It rejected the attempt by King Charles I and William Laud, archbishop of Canterbury, to force the Scottish church to conform to English liturgical practice and church governance.
www.britannica.com /ebc/article-9369813?tocId=9369813   (863 words)

  
 Archbishop William Laud 1573-1645
Sir Francis Windebank was appointed Secretary of State in 1632 and William Juxon, Bishop of London, was appointed Lord High Treasurer in 1636.
In 1637, the religious radicals William Prynne, Henry Burton and John Bastwick were tortured and imprisoned for speaking and writing against Laud's policy, which succeeded in making them into Puritan martyrs.
The prosecution was led by William Prynne, whom Laud had persecuted in 1637.
www.british-civil-wars.co.uk /biog/laud.htm   (848 words)

  
 JUXON, WILLIAM (1582-1663) - Online Information article about JUXON, WILLIAM (1582-1663)   (Site not responding. Last check: 2007-10-08)
WILLIAM (A.S. Wilhelm, O. Norse Vilhidlmr; O. Ger.
Juxon was deprived of his bishopric in 1649 and retired to Little See also:
Memoirs of Archbishop Juxon and his Times (1869); the best authority for the archbishop's See also:
encyclopedia.jrank.org /JUN_KHA/JUXON_WILLIAM_1582_1663_.html   (1291 words)

  
 Archbishop of Canterbury - OrthodoxWiki
The current Archbishop of Canterbury is the Right Honorable and Most Reverend Rowan Williams, 104th successor to the Chair of St. Augustine of Canterbury.
Rowan Douglas Williams was born in Wales on June 14, 1950.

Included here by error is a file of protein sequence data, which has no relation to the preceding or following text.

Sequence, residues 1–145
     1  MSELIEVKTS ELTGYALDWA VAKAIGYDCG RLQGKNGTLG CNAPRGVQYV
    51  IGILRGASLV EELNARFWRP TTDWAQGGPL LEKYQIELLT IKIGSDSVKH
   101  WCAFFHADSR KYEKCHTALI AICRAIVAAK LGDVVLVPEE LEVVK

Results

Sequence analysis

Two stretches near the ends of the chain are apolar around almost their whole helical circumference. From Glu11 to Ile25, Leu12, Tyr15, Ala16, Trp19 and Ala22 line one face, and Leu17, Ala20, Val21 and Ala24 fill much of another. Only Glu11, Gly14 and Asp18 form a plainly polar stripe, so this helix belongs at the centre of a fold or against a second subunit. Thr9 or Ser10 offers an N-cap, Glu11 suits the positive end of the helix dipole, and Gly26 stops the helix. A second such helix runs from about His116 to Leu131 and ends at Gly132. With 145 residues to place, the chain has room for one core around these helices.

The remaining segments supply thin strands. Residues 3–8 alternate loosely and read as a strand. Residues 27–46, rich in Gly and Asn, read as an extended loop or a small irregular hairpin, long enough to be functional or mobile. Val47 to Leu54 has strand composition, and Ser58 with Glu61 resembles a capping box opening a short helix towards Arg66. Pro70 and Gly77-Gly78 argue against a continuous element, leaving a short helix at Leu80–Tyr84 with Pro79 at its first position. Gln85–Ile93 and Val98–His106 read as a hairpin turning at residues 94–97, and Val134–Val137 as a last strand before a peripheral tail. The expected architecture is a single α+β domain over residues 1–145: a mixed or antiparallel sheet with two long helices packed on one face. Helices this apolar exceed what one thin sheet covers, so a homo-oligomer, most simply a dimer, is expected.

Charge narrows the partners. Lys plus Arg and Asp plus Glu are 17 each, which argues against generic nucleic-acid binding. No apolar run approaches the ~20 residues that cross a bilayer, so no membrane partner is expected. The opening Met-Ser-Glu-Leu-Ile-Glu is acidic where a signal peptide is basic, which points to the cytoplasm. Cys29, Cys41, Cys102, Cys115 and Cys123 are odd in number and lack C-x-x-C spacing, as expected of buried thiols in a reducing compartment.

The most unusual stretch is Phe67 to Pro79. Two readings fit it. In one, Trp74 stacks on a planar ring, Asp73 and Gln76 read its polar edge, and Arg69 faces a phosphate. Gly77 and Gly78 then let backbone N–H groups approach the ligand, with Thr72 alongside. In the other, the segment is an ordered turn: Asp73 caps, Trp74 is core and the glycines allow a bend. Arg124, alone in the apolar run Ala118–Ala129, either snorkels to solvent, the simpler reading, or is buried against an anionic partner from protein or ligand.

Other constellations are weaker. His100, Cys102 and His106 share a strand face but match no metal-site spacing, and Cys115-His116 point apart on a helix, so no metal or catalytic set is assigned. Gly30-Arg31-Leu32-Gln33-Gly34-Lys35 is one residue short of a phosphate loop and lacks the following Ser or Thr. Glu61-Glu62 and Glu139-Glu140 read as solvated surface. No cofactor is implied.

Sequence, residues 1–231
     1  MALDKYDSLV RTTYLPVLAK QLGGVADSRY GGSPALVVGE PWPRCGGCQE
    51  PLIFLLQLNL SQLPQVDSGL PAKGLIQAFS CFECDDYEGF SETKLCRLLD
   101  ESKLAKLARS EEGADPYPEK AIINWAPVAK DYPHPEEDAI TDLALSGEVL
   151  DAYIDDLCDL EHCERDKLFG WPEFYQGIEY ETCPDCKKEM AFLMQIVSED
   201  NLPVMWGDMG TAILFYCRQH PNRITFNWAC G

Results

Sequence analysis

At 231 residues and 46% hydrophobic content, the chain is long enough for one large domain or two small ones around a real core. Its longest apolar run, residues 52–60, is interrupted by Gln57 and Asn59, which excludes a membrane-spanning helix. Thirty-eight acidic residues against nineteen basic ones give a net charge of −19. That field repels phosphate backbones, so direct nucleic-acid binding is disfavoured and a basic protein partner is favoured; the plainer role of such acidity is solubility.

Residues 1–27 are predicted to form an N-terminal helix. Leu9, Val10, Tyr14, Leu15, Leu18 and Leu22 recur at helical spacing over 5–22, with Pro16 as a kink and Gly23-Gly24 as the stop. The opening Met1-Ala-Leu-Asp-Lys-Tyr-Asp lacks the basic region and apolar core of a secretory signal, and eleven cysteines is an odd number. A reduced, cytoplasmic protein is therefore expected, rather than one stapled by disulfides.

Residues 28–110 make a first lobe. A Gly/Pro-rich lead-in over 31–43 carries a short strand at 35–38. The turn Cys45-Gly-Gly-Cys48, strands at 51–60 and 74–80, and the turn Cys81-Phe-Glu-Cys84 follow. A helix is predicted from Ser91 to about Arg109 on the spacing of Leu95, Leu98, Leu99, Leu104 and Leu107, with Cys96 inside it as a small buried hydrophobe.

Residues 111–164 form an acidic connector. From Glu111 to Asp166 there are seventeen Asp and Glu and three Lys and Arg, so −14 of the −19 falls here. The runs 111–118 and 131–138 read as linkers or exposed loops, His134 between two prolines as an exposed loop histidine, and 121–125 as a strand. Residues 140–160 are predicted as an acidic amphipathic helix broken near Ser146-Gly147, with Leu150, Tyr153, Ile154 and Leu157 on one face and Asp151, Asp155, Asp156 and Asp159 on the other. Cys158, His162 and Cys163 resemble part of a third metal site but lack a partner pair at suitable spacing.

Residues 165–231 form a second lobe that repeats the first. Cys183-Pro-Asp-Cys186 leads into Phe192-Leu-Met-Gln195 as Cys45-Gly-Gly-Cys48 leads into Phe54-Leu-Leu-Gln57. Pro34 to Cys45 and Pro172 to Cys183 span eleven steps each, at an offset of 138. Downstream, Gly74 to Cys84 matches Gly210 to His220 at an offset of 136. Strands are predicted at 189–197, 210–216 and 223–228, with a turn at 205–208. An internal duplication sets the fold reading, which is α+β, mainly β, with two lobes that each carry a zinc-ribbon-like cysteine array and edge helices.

In 2002 he was elevated to the throne of St. Augustine.
orthodoxwiki.org /Archbishop_of_Canterbury   (535 words)

  
 Bonavista Bay Heritage Site
Some of the settlers names mentioned for that first year were: William Chatchmaid William Colston Later returned to Bristol.
William Stone died April 13, 1611 of laziness according to Gov. Guy.
Vaughen George Wattes William Chief Carpenter, died Mar 11, 1613.
www.geocities.com /Athens/Aegean/8173/1610cupids.html   (740 words)

  
 intro
Bellamy (born in 16º4) matriculated from that college in November 1621, was admitted to the B. in April 1625, received the M. in 1629, and the B. in 1637 (I do not know if he remained in residence after 1629).
Certainly, the occasionally awkward language in which Iphis is written, sometimes stilted, murky, and occasionally difficult to understand in detail, does nothing to discourage the impression that it may be the work of an undergraduate.
Certainly this is true of Telethusa, who suffers and schemes with genuine intensity, and of her husband Lygdus, driven by his murderously irrational idée fixe.
www.philological.bham.ac.uk /iphis/intro.html   (2134 words)